Does anyone else remember the name of the giant tree that Totoro likes to sleep in? For some reason, this detail has stuck with me to this day-- "camphor". And that's probably the last time I encountered this word in English. In Chinese however, you'll encounter the word for camphor 樟腦 in everyday life. It pops… Continue reading Camphor: From Totoro to Taiwan
This past month, I spent eight days in the counties of Hualien and Taitung. There, I saw a different side of Taiwan--these counties are on the east coast and since childhood, I have spent most of my time in Taiwan on the west coast. My eyes were also opened to a new layer of the… Continue reading Taitung: Journey to Prehistoric Taiwan
Since coming to Yale, many Chinese-learners have tried to speak Chinese to me, and it always made me feel awkward. For me, language is a means to an end, so if we're both most fluent in English, why not just speak in it? (Longer piece on my personal feelings here). I started to wonder if… Continue reading Ask a Native Speaker: How do you feel when Chinese-Learners Speak to you in Chinese?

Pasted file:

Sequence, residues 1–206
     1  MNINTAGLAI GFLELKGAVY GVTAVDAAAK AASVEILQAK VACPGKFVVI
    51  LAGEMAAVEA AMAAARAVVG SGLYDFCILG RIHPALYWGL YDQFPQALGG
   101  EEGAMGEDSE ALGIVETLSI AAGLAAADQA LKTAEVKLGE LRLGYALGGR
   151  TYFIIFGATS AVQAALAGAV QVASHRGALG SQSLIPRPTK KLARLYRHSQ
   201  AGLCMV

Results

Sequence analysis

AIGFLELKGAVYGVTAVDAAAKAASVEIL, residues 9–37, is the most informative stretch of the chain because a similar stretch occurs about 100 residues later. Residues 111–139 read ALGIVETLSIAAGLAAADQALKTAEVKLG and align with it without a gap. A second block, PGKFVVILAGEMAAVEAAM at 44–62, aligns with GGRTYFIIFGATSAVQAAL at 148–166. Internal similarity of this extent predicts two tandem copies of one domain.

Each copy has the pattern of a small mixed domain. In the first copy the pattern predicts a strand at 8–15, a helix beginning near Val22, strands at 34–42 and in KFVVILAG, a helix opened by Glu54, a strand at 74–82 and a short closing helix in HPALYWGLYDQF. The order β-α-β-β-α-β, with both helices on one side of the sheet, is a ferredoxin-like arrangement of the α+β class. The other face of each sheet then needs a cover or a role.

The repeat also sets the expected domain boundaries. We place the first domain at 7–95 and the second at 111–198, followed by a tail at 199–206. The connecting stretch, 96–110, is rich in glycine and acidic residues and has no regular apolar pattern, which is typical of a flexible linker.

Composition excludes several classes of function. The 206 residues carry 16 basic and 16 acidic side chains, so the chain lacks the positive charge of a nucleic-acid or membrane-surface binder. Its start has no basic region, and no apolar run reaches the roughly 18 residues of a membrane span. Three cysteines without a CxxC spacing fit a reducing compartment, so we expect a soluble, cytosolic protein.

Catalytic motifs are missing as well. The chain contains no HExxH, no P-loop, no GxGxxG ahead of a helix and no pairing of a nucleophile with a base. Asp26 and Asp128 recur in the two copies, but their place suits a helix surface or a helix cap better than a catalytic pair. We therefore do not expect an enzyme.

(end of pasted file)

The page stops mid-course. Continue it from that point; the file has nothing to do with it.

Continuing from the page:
The conversation usually starts with them asking me why I wanted to come to Korea or how I got started learning Korean. Unlike most people who study Korean, I wasn’t drawn in by Korean pop culture. I was interested in exploring a new country, and the best option happened to be Korea. So far,… Continue reading “So you WEREN’T interested in Korean Culture?”
Today, I taste-tested various tofu samples for Pulmuone 풀무원 (pronounced "poor-moo-won"), apparently the largest manufacturer of tofu products in the world. It was such a delectable experience that when the nice food scientist asked if she could contact us regarding future "tests," my friend and I immediately said yes. We had six sets of samples in… Continue reading How I Made $30 Eating Tofu (and musings on the future of the bean curd)